OCR AS Ethics Exam 25th May

Edit 20/5 – I have amended some of my questions as the ones I posted before were not quite right – I thought Kant hadn’t come up but he came up last year.

Well after the success of my last post in which I accurately predicted the three areas that would come up…

Actually let me burst my own bubble a bit here; as it is a new specification and there has only been one set of three questions for philosophy last year OCR would be unlikely to have questions on the same three topics again as they would want to make sure other areas of the spec were covered. So if three out the 7 topics came up last year that means I had a choice of 3 out of 4 possibilities this year, so it was pretty easy to pinpoint the general area.

If we apply the same logic to Ethics we can make these predictions:

2017: Natural Law

Kantian Ethics

Business Ethics

Thus 2018: Situation Ethics



This of course comes with a massive caveat – there is no guarantee this will be the case.

So, my theoretical questions this time are:

1. To what extent does situation ethics’ lack of moral absolutes undermine moral decision-making?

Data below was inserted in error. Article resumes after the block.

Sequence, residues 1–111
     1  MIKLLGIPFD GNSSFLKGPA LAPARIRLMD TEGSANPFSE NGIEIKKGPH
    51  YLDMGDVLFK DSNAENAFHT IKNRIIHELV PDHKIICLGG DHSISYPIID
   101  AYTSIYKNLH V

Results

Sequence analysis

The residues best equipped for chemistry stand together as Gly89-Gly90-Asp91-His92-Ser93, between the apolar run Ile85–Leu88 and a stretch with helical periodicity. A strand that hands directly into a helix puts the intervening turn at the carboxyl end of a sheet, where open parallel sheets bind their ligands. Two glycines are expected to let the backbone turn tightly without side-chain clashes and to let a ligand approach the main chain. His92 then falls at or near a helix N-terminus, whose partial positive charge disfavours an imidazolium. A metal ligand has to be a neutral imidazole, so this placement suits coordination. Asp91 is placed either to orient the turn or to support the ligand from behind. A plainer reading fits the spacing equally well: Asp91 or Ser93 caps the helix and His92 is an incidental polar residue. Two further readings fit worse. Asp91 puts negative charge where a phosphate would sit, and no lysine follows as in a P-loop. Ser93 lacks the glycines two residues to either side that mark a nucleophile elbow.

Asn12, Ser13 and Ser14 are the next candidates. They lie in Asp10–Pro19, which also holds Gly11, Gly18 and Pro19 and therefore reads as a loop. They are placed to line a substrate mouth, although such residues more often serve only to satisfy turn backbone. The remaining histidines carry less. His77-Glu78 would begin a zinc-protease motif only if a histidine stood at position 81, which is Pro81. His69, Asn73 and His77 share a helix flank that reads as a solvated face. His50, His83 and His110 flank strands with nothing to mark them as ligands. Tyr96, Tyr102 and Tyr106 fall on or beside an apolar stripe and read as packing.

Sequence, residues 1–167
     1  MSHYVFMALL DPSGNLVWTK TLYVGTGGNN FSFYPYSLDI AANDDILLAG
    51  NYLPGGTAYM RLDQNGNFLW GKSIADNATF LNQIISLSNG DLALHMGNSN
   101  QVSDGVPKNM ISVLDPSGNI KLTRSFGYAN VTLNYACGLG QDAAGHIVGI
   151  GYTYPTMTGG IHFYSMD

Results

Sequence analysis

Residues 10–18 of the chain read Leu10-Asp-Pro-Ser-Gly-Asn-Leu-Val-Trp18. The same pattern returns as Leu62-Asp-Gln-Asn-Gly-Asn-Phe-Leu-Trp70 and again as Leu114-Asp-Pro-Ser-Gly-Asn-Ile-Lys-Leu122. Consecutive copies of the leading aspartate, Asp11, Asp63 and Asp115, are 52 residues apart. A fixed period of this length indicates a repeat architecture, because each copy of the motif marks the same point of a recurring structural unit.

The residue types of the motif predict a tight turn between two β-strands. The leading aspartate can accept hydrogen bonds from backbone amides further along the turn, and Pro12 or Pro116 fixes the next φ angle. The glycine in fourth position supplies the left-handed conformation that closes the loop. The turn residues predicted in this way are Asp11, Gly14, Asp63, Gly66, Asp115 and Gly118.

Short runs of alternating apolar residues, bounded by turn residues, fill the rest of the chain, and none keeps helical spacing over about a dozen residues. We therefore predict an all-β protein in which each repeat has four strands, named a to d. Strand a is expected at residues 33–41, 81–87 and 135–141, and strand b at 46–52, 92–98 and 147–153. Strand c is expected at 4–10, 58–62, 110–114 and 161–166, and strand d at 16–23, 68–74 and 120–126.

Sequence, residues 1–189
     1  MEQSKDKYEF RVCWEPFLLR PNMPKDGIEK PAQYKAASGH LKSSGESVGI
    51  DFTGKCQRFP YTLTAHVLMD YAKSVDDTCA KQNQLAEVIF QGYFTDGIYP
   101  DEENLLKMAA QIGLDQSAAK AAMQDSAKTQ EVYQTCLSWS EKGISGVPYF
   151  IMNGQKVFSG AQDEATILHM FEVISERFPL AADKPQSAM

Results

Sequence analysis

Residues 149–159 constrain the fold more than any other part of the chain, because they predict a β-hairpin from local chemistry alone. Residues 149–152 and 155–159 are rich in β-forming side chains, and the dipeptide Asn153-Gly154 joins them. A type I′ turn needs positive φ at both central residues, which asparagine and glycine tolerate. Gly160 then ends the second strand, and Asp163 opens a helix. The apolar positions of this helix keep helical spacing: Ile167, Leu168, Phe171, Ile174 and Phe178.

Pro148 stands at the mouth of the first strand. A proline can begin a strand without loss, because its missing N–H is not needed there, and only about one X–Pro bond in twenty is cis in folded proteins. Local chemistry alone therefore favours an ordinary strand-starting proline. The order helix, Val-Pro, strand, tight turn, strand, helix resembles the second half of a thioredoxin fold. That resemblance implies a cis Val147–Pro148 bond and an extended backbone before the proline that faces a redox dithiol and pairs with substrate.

2. “It is not possible to measure good or pleasure” Discuss

3. Critically examine natural law approaches to the question of euthanasia.

Have a go at doing these between now and the exam – set yourself half an hour and attempt without notes. That is a really good way of revising even if you don’t get it all in the essay, as you can then read it back with notes/textbook next to you and add in what you didn’t get.

Also don’t forget the examiners tip – don’t list everything you know in the AO1 – be specific and answer the question. And in the AO2 make sure you don’t do sweeping generalisations.

My students use a format in which they make sure that every paragraph has a back and forth between explanation, evaluation, counter evaluation and then link back to the question. For example, a paragraph for question 1 might look like this:

Fletcher emphasises the role of what he calls agape in every situation. The key question to ask being “what is the most loving thing to do in this situation?”. Fletcher’s rejection of legalism and emphasis on loving action means that the only guiding light in a moral decision should be what kind of consequences it will produce. As a consequentialist, relativist theory situation ethics is therefore open to some fairly strong challenges: for instance, what criteria do we have for deciding that one course of action is the most loving? W D Ross filled out some of the gaps here, but Fletcher’s theory is seriously lacking in detail on this point. It seems clear already from this that one of the key weak points when it comes to moral decision making is Fletcher’s emphasis on agape.

OK, good luck!

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